Tried-and-True Tips for Women Business Owners, From a Trusted Small Business Banker
Amidst the economic uncertainty of 2023, planning for the future is more important—and challenging—than ever.
Amidst the economic uncertainty of 2023, planning for the future is more important—and more challenging—than ever. According to a recent Bank of America survey, 78 percent of small business owners expect that a potential recession would impact their business, potentially forcing them to raise prices, slow hiring plans and reduce spending.
Enter Jenny Son, a small business banker at Bank of America who has helped business owners plan ahead and invest in their success for the past five years. Son serves as a sounding board and advisor to business owners navigating day-to-day business challenges and choppy economic waters. For Son, relationship building and puzzle solving is exactly what makes her job so enjoyable. Though every business challenge is unique, years of experience have taught Son there are similarities in the issues that tend to pop up for business owners—especially women entrepreneurs.
Ahead of Women’s History Month, Son shared some of the top tips that have helped her clients over the years.
Control What You Can
Son encourages all entrepreneurs to focus on the elements of business ownership within their control, particularly in a tough economic climate. There will always be headwinds that business owners need to weather rather than fix, but sometimes there are simple solutions to the challenges impacting their operations.
For example, Son encourages clients to embrace digital tools such as mobile check deposits and balance verification, eliminating the need to run to the bank every time they need to deposit a check or check their account balance. Resources like this can save business owners significant time each year that they can devote to their family and friends.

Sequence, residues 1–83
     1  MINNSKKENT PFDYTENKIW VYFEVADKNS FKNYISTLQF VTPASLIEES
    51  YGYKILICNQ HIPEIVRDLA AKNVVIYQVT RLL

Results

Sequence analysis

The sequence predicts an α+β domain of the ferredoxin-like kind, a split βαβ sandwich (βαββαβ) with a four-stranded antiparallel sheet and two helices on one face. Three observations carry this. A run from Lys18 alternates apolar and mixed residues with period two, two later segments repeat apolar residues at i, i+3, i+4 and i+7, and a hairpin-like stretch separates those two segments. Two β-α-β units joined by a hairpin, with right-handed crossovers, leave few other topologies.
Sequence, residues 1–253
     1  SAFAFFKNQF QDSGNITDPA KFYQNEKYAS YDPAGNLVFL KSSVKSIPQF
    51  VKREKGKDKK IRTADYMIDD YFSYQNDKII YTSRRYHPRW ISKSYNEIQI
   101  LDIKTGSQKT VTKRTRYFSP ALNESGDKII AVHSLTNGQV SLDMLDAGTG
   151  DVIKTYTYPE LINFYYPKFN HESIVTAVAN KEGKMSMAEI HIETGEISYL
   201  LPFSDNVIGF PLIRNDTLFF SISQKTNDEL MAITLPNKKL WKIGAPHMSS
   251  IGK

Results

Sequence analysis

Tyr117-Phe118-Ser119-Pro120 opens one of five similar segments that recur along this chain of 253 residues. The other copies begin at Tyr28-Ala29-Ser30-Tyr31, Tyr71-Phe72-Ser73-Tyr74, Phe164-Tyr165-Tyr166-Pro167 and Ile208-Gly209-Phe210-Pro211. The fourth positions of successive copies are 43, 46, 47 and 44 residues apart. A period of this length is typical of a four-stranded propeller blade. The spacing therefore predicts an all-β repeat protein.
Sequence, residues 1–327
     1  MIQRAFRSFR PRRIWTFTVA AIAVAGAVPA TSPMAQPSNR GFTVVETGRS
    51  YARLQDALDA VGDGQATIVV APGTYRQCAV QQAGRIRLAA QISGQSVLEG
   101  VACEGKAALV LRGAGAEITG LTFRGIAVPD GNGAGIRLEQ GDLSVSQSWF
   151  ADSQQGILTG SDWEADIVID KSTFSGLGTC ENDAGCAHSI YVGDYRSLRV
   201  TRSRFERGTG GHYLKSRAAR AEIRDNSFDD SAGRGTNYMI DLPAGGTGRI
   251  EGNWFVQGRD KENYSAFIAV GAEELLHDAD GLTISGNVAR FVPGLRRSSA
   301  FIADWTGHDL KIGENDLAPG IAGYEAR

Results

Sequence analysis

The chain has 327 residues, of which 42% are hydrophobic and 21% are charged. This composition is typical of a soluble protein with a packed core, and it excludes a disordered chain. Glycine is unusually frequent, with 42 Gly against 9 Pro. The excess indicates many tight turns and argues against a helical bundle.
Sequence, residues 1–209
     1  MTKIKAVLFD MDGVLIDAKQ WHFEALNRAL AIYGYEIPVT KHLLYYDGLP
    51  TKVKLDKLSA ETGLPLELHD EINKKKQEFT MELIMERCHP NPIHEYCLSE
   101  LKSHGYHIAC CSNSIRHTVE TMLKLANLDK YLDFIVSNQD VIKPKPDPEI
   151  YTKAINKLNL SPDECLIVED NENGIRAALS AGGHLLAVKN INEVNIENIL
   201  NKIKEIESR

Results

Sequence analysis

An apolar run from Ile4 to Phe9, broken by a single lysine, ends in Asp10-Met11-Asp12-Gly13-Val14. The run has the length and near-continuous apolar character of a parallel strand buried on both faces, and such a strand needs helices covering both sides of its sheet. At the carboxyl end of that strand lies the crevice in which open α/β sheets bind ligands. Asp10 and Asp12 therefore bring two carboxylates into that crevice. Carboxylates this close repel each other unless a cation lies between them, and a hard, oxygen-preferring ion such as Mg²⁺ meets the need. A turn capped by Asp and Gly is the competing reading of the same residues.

Understand Your Options
Son says sometimes her clients don’t know they can simply fix or enhance their processes by having just a bit more working capital. So, in any client meeting, she always presents all the solutions available, which allows her clients to decide on the best option for their business. “Helping my clients access capital to run or expand their business in a responsible way really gives me pride in what I do,” Son says. As securing capital is critical for most clients, this typically involves highlighting the traditional and non-traditional funding options available.
Son says the most successful business owners she works with embrace a “learning attitude.” In a rapidly changing world and economy, business owners must train themselves to quickly adapt to new ways of thinking, planning and doing.
Fortunately, there are resources available to help business owners learn and become more flexible—like SCORE, Bank of America’s Small Business Resources site, or more formal learning platforms from organizations like LinkedIn or the SBA.
Find Your Champions
Building trust in any relationship, especially a business relationship, takes time. Son says this is often one of the biggest challenges at the start of a new client relationship, as small business owners are extremely busy people.
“This isn’t something you can rush through,” says Son. “When clients know that I truly understand them, that creates trust and a bond that helps them understand I’m in it to help them.”
Once that trust is established, having someone that understands the nature of the business and genuinely believes in the venture is invaluable.
Like any successful partnership, the benefits of Son’s client relationships flow both ways. “Seeing these amazing entrepreneurs at work firsthand gives me the daily motivation to help them achieve their goals and overcome hurdles,” says Son.
While achieving short and long-term business goals amidst a challenging economy may feel daunting to small business owners, understanding your options, making a plan, and finding a trusted advisor make a world of a difference.
To learn more about how you can reach your small business goals, consider contacting a small business banker at Bank of America.
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